Blitz like there’s no tomorrow

There’s only one surefire way to shut down Rodgers: Let the air out of the tires on his car and hope he can’t get a ride to the stadium. Because once he’s on the field, he lights up everybody. Whether it’s the best passing defense in the NFC, the St. Louis Rams (Packers won 24-3), or the team with the most sacks in the NFC, the Minnesota Vikings (Packers have beat them twice by a combined score of 78-34), he beats everbody.

"Bring me this Rodgers fella, I got something for him,"
"Bring me this Rodgers fella, I got something for him,"Brian Bahr/Getty Images

The Raiders love to send only four pass rushers, and you saw how effective it was against Miami. Blitzing Rodgers isn’t going to stop him, because he is very mobile and gets rid of the ball quickly. But blitzing can slow him down, and the Raiders can get to the quarterback (tied for fifth-most sacks in the NFL).

It is tempting to send only four rushers against Rodgers, because the Packers love to run empty backfield formations with five receivers. It will not work.

I’m begging you, Chuck Bresnahan, please blitz and do it often. I want to see gap blitzes, corner blitzes, overload blitzes and every blitz imaginable. I want blitzers coming from anywhere and everywhere. Keep Rodgers on his toes, make him uncomfortable and you have a chance. If you don’t blitz him, he’s going to embarrass you.


Pull out all the stops

Earlier this season, Hue Jackson was asked about all the trick plays he likes to call. He responded that he’d do anything to score a touchdown. Well Hue, you better be willing to do anything to win this game, and I do mean anything. Statue of Liberty plays, Fumblerooskis, Holy Rollers, whatever (I’m pretty sure at least one of those plays is illegal now, but who cares).

This season, Jackson has called fake punts, fake field goals, double reverses, halfback passes—he’s a madman when it comes to trick plays. But over the last few weeks, he seems to have gotten a little less brazen. In fact, I don’t remember a trick play being called since a fake punt against San Diego in Week 10. And that play didn’t even work.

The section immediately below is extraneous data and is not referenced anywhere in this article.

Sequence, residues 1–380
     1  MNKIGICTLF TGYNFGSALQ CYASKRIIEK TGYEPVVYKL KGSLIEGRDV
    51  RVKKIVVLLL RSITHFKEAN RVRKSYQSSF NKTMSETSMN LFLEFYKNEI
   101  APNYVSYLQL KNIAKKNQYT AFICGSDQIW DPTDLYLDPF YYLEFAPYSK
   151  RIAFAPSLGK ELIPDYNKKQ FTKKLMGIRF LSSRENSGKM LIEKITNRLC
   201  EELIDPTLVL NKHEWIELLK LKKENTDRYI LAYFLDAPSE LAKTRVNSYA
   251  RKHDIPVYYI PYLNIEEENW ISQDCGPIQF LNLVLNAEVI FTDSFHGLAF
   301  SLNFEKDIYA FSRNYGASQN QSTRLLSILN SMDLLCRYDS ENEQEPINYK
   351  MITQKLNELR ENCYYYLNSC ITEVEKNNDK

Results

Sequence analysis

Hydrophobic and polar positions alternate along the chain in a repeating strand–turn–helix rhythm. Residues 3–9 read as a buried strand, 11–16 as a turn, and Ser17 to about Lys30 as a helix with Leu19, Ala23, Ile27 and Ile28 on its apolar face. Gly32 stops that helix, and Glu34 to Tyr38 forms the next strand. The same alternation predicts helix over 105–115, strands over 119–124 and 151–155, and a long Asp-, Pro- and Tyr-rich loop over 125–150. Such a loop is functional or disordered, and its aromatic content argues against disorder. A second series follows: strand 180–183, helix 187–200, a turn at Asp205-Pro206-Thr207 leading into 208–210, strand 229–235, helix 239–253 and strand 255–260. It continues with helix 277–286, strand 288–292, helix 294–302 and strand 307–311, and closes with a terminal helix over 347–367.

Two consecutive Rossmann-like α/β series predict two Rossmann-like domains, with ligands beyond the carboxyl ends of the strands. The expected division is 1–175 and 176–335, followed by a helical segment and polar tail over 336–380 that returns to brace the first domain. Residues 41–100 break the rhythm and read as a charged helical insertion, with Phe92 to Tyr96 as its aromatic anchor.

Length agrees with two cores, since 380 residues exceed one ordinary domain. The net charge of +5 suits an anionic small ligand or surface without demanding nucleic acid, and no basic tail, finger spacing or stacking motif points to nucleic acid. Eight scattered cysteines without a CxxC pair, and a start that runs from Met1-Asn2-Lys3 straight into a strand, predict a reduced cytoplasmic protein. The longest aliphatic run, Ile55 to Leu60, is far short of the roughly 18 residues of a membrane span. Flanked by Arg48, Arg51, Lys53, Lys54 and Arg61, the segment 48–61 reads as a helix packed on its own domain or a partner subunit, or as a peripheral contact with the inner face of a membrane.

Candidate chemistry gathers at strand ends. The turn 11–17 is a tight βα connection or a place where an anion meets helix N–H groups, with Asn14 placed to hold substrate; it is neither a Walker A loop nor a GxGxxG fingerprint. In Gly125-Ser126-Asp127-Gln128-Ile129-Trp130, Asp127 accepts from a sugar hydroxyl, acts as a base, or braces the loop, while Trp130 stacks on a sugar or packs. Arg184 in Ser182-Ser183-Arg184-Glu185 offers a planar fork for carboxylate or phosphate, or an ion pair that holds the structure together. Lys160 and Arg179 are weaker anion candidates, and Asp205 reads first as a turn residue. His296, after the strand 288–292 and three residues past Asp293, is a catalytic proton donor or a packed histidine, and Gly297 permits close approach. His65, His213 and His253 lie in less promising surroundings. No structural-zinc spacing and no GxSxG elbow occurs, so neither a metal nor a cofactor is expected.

"I don't need no trick plays, I just run straight ahead and dare people to tackle me."
"I don't need no trick plays, I just run straight ahead and dare people to tackle me."Jed Jacobsohn/Getty Images

The Raiders are going to have to play their best game of the season to beat the Packers, and that will require some creative play-calling. No one expects the Raiders to win this game, so what do you have to lose?

A few years ago, Boise State was playing in its first BCS bowl game, facing an Oklahoma team that was favored by 7.5 points and coming off an 11-1 season. No one thought a lowly WAC team like Boise could compete with a traditional powerhouse like Oklahoma.

So when Boise State coach Chris Petersen was down a touchdown with a minute left in the game, he pulled out all the stops. Boise ran a successful hook-and-ladder play to tie the game with seven seconds left. Then in overtime, down a touchdown again and facing fourth down, Boise ran a wildcat play and scored.

To complete one of the most memorable finishes in college football history, Petersen went for the two-point conversion and the win, and his team executed a perfect Statue of Liberty play for the victory.

Take your cues from Peterson, Hue: Be true to your word, and do whatever it takes to score touchdowns and win this game. Then maybe, just maybe, our impossible dream will come true.

For more foolish analysis, along with the occasional witty comment,